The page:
How Supervolcanoes Work


Yellowstone and the Terrible, Horrible, No Good, Very Bad Day
A statue of the Virgin Mary overlooks a village on Luzon Island five months after the eruption of Mount Pinatubo in 1991. Although considerably smaller in scale than a supervolcano, Pinatubo's 1991 eruption lowered temperatures in the Northern Hemisphere.
A statue of the Virgin Mary overlooks a village on Luzon Island five months after the eruption of Mount Pinatubo in 1991. Although considerably smaller in scale than a supervolcano, Pinatubo's 1991 eruption lowered temperatures in the Northern Hemisphere.
© Les Stone/Sygma/Corbis

Most supereruptions occur in areas that remain active over millions of years but enjoy a long repose period, so don't place too much confidence in Yellowstone's apparent calm. Broadly speaking, the longer the dormancy, the bigger the boom [source: Geological Society of London].

Like other supervolcanic areas, Yellowstone sits on a long-active tectonic zone, a weakened and thinned crust overlying a 2,500 F (1,370 C) magma dome rising from the upper mantle. This dome has melted and broken into the crust to create two magma chambers roughly 5-7 miles (8-11 kilometers) underground, each measuring 30-plus miles (48-plus kilometers) across [source: Encyclopedia Britannica]. These magma chambers are filled with an amalgam of magma, semisolid rock and dissolved gases like water vapor and carbon dioxide.

Over centuries and millennia, additional magma builds up, delivering more heat and pressure, pushing overlaying ground upward little by little. If the chamber receives a steady and substantial supply of hot magma, pressure builds in an often cyclical process called incubation. If it doesn't, then some material solidifies and sinks, removing pressure. The sheer volume of a supervolcano's magma chamber means that incubation requires a heat delivery rate 2-3 orders of magnitude greater than that of a traditional volcano [sources: Achenbach; Klemetti].

Eventually, overpressure creates fractures along the dome's periphery, venting pressure from the chamber. The gas-filled magma blasts skyward, raining ash and debris over hundreds of miles and releasing deadly pyroclastic flows -- fast-moving, thick clouds of gas, ash and rocks boiling away from the eruption at 1,470 F (800 C) – across tens of thousands of square miles [sources: Achenbach; Geological Society of London].

Additional blasts pop off periodically for weeks. Ash drifts down on a regional scale, filling the sky with pollutants and blanketing tens of millions of square miles in inches of crop-killing ash [sources: Geological Society of London; Klemetti]. Until it settles, anyone within thousands of miles around risks breathing tiny glass needles, bursting pulmonary blood vessels and drowning in a slurry of ash and lung moisture [sources: Achenbach; Geological Society of London; Tyson]. Ash collapses roofs, pollutes vital water sources and gums up vehicle engines, sparking a crisis of food production, transportation, communication and economics lasting months to years [sources: Geological Society of London; Klemetti].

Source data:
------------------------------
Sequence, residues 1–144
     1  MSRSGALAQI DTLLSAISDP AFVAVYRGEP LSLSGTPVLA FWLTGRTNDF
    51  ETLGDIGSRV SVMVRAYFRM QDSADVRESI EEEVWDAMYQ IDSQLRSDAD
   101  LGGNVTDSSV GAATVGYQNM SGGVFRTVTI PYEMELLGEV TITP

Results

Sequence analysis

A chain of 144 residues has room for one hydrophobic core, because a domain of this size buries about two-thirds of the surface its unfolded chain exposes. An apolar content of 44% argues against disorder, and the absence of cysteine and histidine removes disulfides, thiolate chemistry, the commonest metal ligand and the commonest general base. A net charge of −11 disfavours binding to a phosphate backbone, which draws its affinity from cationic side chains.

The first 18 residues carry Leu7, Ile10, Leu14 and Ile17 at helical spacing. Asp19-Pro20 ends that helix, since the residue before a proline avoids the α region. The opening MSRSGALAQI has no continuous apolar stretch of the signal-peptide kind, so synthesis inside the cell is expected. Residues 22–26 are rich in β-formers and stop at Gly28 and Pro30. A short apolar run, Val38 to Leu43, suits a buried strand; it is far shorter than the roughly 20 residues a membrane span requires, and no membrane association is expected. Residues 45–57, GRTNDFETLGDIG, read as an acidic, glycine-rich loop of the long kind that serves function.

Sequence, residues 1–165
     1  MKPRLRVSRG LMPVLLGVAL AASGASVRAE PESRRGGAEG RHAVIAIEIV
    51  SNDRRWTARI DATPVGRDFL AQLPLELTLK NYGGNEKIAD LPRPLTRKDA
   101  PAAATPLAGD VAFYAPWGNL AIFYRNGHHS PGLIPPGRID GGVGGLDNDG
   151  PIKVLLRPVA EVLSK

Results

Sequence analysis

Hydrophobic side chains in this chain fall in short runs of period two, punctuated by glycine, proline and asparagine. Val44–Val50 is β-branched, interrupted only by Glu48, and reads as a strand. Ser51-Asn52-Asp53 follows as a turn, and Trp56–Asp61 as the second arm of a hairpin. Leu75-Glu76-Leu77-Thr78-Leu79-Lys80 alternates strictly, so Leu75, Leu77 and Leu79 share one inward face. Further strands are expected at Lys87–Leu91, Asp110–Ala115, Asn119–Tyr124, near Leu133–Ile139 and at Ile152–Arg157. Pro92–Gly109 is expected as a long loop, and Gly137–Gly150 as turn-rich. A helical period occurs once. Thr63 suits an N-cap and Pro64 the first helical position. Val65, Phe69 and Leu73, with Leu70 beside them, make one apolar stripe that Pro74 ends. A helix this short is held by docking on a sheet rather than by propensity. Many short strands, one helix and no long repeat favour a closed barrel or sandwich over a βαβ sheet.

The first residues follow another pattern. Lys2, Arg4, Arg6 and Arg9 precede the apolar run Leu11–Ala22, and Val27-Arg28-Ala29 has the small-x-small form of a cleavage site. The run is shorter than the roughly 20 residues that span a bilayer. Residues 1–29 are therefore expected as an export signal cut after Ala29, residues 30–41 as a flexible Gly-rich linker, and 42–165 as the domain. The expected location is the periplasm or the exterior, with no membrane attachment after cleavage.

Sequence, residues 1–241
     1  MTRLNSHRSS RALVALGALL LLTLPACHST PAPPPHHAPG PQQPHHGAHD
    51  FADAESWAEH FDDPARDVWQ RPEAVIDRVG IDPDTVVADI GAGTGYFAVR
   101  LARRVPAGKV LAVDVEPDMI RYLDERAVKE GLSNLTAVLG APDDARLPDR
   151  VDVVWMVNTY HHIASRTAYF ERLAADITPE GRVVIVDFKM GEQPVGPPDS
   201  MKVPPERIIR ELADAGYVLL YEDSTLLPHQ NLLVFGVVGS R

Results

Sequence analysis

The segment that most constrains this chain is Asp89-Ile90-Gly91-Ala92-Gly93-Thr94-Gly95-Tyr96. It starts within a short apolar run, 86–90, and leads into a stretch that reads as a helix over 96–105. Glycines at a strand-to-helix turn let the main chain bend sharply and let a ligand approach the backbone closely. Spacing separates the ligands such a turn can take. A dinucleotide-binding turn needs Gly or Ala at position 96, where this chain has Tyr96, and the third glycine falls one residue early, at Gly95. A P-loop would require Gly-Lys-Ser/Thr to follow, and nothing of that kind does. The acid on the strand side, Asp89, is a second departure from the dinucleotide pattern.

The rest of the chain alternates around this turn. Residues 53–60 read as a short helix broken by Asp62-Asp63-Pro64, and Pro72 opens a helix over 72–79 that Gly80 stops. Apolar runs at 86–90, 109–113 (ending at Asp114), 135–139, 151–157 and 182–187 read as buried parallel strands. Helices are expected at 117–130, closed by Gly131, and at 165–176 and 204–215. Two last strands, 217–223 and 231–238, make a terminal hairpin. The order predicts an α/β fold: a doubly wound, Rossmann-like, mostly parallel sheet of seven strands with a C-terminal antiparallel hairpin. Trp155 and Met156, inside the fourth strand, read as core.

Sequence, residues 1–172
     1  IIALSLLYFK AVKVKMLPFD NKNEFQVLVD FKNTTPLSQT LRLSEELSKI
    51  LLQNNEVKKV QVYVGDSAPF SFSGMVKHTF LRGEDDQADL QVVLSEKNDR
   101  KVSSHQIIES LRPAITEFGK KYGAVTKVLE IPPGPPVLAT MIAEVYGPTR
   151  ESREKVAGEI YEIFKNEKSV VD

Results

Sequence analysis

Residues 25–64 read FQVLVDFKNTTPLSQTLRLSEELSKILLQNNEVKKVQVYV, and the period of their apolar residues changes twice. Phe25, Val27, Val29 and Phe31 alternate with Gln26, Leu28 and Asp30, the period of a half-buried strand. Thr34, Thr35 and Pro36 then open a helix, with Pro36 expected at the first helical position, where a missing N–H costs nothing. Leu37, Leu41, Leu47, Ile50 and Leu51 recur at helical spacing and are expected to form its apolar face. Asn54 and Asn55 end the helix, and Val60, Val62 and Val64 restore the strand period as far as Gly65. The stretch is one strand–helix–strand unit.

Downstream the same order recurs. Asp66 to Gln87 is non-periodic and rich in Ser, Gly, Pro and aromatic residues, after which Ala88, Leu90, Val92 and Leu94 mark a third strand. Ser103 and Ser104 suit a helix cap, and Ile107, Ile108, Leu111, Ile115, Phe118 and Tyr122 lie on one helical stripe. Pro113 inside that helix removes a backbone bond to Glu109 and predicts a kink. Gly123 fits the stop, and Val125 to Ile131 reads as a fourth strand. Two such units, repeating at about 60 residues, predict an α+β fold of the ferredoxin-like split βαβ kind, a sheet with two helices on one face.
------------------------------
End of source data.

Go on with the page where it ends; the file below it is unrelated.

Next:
Within weeks, dust and sulfate aerosols encircle the globe, filtering out sunlight and cooling global average temperatures by an estimated 5-9 F (3-5 C) for several years afterward [sources: Geological Society of London; Klemetti; Marshall]. One-third of the U.S., particularly the states of Montana, Idaho and Wyoming, remain uninhabitable for months, possibly years [sources: Tyson; USGS].

Thankfully, the odds argue against this happening any time soon. But another supereruption, someday, somewhere in the world, is inevitable. Maybe it's time we got started on that Mars colony after all.

Author's Note: How Supervolcanoes Work

Supervolcanoes present a fascinating subject, but a difficult one to write about. On the one hand, we marvel at the tremendous scale revealed through their vast calderas and high-piled deposits, and we can intuit their climate-shifting capacity via ice cores, tree rings and microbes that alter their structure in response to climate changes. On the other, there's just so much we do not know about the contents of their magmas and the dynamics that drive their deep-welling plumes. Even seemingly harmless chemicals and materials might cause untold perturbations in the climate if dumped into the atmosphere in sufficient amounts. We just don't know.

And that's what's terrifying about these behemoths. Despite all our knowledge about volcanic and tectonic events, and even though supervolcanoes exist right here on Earth, in some ways they might just as well be extinction-level meteors from outer space. Our ability to predict them, or to do anything about them, is equally small, and in both cases we are left clinging to the cold comfort of long odds.

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